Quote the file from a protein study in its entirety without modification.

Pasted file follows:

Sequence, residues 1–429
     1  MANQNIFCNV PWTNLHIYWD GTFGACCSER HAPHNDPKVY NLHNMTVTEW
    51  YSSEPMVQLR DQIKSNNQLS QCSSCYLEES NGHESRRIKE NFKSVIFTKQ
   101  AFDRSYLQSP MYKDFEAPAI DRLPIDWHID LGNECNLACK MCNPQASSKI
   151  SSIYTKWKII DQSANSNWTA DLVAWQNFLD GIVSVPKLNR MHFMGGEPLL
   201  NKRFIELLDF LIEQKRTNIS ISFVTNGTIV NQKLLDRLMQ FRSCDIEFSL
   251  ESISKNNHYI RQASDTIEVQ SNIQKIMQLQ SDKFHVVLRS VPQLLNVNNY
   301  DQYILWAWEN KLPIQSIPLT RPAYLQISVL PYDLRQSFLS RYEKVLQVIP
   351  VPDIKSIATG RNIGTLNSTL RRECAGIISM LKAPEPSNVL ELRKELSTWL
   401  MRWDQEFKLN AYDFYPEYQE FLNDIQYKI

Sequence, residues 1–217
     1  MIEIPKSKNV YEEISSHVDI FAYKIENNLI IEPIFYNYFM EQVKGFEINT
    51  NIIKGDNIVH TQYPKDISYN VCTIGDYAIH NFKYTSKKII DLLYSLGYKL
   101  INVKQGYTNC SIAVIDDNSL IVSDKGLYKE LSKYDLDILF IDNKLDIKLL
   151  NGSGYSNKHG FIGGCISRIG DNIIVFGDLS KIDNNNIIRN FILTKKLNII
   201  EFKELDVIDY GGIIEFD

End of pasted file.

Sequence, residues 1–429
     1  MANQNIFCNV PWTNLHIYWD GTFGACCSER HAPHNDPKVY NLHNMTVTEW
    51  YSSEPMVQLR DQIKSNNQLS QCSSCYLEES NGHESRRIKE NFKSVIFTKQ
   101  AFDRSYLQSP MYKDFEAPAI DRLPIDWHID LGNECNLACK MCNPQASSKI
   151  SSIYTKWKII DQSANSNWTA DLVAWQNFLD GIVSVPKLNR MHFMGGEPLL
   201  NKRFIELLDF LIEQKRTNIS ISFVTNGTIV NQKLLDRLMQ FRSCDIEFSL
   251  ESISKNNHYI RQASDTIEVQ SNIQKIMQLQ SDKFHVVLRS VPQLLNVNNY
   301  DQYILWAWEN KLPIQSIPLT RPAYLQISVL PYDLRQSFLS RYEKVLQVIP
   351  VPDIKSIATG RNIGTLNSTL RRECAGIISM LKAPEPSNVL ELRKELSTWL
   401  MRWDQEFKLN AYDFYPEYQE FLNDIQYKI

Sequence, residues 1–217
     1  MIEIPKSKNV YEEISSHVDI FAYKIENNLI IEPIFYNYFM EQVKGFEINT
    51  NIIKGDNIVH TQYPKDISYN VCTIGDYAIH NFKYTSKKII DLLYSLGYKL
   101  INVKQGYTNC SIAVIDDNSL IVSDKGLYKE LSKYDLDILF IDNKLDIKLL
   151  NGSGYSNKHG FIGGCISRIG DNIIVFGDLS KIDNNNIIRN FILTKKLNII
   201  EFKELDVIDY GGIIEFD